The most recent example was Mediaguide, a joint venture with ASCAP, where he developed an automated tracking system to monitor, collect, and disburse payments to rights-holders, while simultaneously expanding their royalty base.

George also co-founded ConneXus, a revolutionary service that let consumers identify and purchase music they hear on ordinary radio using their mobile phones.

With LimeWire continuing to be a lightning rod for controversy among major music interests, can he find a way to monetize the enormous traffic that this leading brand of file-sharing services generates? Can LimeWire be made acceptable - or even attractive - to the music industry?

Don't miss this no-holds-barred Q&A with the man at the helm of the most radioactive property in the digital music space.

Report from CEO Marty Lafferty

Photo of CEO Marty LaffertyWe are pleased to announce a very exciting agenda of keynotes and panel sessions featuring industry leaders from all over the world for the DCIA's second annual P2P MARKET CONFERENCE.

This DCIA special event is scheduled for Tuesday March 17th at the Cornell Club of New York, and is being held in conjunction with Media Summit New York (MSNY). MSNY keynotes include Jeff Zucker, President & CEO, NBC Universal; Steve Ballmer, CEO, Microsoft; and Philippe Dauman, President & CEO, Viacom.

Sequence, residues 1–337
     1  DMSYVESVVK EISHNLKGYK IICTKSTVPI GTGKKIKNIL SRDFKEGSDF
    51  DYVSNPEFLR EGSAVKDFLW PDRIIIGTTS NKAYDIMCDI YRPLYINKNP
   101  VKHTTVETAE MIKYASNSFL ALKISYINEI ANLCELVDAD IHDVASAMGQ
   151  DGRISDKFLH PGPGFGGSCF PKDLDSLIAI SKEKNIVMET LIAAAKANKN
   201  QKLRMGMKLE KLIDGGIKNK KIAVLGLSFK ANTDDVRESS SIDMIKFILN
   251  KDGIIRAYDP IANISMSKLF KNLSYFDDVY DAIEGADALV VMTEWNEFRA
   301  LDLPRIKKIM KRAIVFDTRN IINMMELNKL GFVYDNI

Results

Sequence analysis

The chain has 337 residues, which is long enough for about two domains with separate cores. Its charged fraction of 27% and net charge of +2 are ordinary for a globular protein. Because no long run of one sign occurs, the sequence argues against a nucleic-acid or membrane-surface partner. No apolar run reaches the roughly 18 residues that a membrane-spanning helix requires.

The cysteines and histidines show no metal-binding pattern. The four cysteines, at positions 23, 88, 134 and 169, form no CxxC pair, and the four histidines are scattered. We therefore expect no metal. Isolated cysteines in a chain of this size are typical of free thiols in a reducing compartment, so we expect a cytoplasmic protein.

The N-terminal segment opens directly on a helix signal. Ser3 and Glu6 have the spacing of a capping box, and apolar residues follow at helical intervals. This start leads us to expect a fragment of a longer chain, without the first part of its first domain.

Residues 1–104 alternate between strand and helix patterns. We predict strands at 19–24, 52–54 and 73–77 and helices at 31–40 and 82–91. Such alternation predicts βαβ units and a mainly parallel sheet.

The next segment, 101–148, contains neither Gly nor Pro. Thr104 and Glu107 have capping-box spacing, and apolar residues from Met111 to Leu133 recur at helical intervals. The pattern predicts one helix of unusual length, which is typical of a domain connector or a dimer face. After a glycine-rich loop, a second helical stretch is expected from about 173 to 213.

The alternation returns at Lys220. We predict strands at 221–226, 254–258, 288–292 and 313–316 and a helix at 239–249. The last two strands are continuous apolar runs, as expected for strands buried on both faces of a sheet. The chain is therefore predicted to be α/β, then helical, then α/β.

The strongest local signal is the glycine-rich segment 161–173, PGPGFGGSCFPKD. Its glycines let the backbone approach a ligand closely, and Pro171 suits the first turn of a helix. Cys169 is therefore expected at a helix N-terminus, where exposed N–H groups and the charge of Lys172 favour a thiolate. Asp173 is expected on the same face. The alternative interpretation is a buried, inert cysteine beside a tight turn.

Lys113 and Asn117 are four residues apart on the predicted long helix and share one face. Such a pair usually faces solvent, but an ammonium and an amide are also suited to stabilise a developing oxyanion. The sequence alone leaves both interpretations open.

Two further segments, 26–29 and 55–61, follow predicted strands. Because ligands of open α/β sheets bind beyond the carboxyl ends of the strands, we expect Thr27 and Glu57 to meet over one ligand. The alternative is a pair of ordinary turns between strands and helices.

P2P MARKET CONFERENCE keynotes include Jim Kott, Co-President, Abacast; Rick Kurnit, Partner, Frankfurt Kurnit Klein & Selz; Mitchell Edwards, CFO & General Counsel, BitTorrent; John Desmond, VP, MediaSentry Services, SafeNet; George Searle, CEO, LimeWire; Michael Einhorn, Consultant, Media/Technology/Copyright; Robert Levitan, CEO, Pando Networks; Alex Mashinsky, CEO, DigiMeld; Scott Brown, USA CEO, Octoshape; Charles Perkins, Founder, Virtual Rendezvous; Saul Berman, Global & Americas Strategy & Change Practice Leader, IBM; and John Waclawsky, Software Architect, Motorola.

The P2P MARKET CONFERENCE includes a continental breakfast, conference luncheon, and VIP networking cocktail reception. Pre-registration rates, which save attendees up to $500, end March 10th. To register now, please click here.